Lyle Lovett and Robert Earl Keen celebrated their friendship at the Uptown last night
Lyle Lovett and Robert Earl Keen
Uptown Theater, Kansas City, Missouri
March 10, 2016
As Lyle Lovett and Robert Earl Keen took the stage last night, Lovett grinned and made one thing clear: “We’re real friends, not fake, show-business friends.” For the next two and half hours, nothing could have been more clear.
They weren’t playing by typical concert rules. As Lovett told Keen later in the evening, “There’s only one rule in this show: Do what you want.” And so they did, demonstrating that they know each other’s songs as well as they know their own. But the real magic was in the stories told between the songs, and the jokes shared between old friends.
Their comfort levels (and clowning) were apparent from the start. As Keen sat down and got ready to play, he answered Lovett’s quizzical look by chuckling and saying, “Well, I was going to open for you.” He launched into “Gringo Honeymoon,” then promptly put on the brakes and said, “Let’s stop — I want to talk about this song.”
The entire evening went on like that, and while they worked through their favorites (and the crowd’s), the links between the two writers’ music became a theme. When Lovett sang “Family Reserve,” a narrative of mortality as grim and affectionate as Jim Carroll’s “People Who Died,” Keen answered with “Merry Christmas From the Family,” which for any other songwriter would have been a strange choice this close to St. Patrick’s Day. His song is about people very much alive, and it kicked off a lengthy (and funny) conversation about how their respective families felt about those songs. “They’re concerned,” Lovett admitted, “or they’re just dead.” Keen defended his no-holds-barred portrait by saying, “That was totally a PG version of our Christmas!”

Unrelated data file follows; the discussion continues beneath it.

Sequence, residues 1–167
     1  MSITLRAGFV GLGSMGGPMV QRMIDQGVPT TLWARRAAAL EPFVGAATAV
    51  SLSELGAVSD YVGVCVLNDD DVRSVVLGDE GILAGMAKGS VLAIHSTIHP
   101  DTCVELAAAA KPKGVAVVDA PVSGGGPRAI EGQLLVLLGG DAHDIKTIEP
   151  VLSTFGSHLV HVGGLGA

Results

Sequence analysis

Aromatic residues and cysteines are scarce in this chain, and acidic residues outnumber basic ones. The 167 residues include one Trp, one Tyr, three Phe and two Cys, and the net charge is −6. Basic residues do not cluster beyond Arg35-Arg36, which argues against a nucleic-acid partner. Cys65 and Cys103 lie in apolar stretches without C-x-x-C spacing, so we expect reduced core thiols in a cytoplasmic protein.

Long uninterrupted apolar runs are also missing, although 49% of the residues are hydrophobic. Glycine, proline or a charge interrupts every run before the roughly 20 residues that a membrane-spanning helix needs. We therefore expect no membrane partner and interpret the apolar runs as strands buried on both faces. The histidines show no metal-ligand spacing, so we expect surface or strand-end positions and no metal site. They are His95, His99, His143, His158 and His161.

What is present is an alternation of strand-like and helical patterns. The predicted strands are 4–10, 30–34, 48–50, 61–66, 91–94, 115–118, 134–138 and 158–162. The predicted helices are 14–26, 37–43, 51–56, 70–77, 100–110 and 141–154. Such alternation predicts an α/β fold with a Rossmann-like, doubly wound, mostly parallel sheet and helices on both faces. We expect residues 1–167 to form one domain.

When Keen sang “If I Were a King,” a sweet song that happens to be in 3/4 time, Lovett answered with “Waltzing Fool,” a sad tale about a man who does what he wants in spite of others’ disdain — but only after a conversation about 3/4 time as “the taco of time signatures.” (It made sense in the moment.) When Keen semi-apologetically sang the short song “Our Municipal Airport,” an extremely goofy little tune, Lovett, after a pause, commented, “Let me assure you — that song is not too short.”
The show’s focus on their friendship also revealed a lot about both men. At 60, Keen is the older of the two; in college terms (where their friendship began), Keen was a junior when Lovett was a freshman, and that still seems important. Lovett told stories about how charitable Keen was in college, letting him hang out and listen to his giant bluegrass collection (even when he wasn’t there). If his house got too crowded and Keen needed to work, he went to a hotel room for a few days. Keen was even really nice to his landlord, which shows up in Lovett’s lyrics to “This Old Porch.” Lovett has always made that debt clear. The lyric to one of the evening’s high points, “Record Lady,” begins, Robert Earl is a friend of mine/You know he’s always looking out for my best interests.
And even though Keen is the less subtle of the two (he’s pretty blunt, really), songs like his “Corpus Christi Bay” and “I’m Comin’ Home” show where Lovett learned to craft the kind of heartbreaking lines that make songs like “Nobody Knows Me Like My Baby” so memorable. Lovett, for this evening, seemed to function more as the emcee, but he gladly encouraged Keen’s bottomless tales of Arky’s Silver Dollar Bar in Bandera, Texas, for instance. Keen, for his part, seemed just a little uncomfortable with Lovett’s praises — as any good friend would.
The pair’s avalanche of songs never felt like too much, even though every tune was familiar. There’s an intimacy in a show like this, a wonderful illusion that every member of the audience is part of the conversation and could maybe join in. At one point, Lovett told the story of riding by Keen’s house in 1976 and hearing him and his friends playing music on the porch. Laughing, Lovett recalled, “They invited me to step into the yard and let me listen.”
For a few hours, a packed house, warmly invited, all crammed into that yard.
Gringo Honeymoon (REK)
What Do You Do (LL)
Wireless in Heaven (REK)
Family Reserve (LL)
Merry Christmas from the Family (REK)
If I Were King (REK)
Waltzing Fool (LL)
Our Municipal Airport/Johnny Cash (REK)
Don’t Throw Your Trash on the Road/Don’t Mess With Texas (LL)
Feelin’ Good Again (REK)
Flyswatter/Icewater Blues (LL)
East Virginia Blues (Both)
Record Lady (LL)
No Kinda Dancer (REK)
Give Me Back My Heart (LL)
Something I Do (REK)
Nobody Knows Me Like My Baby (LL)
This Old Porch (Both)
Shades of Gray (REK)
If I Had A Boat (LL)
I’m Comin’ Home (REK)
Rolling By (Both)
Corpus Christi Bay (REK)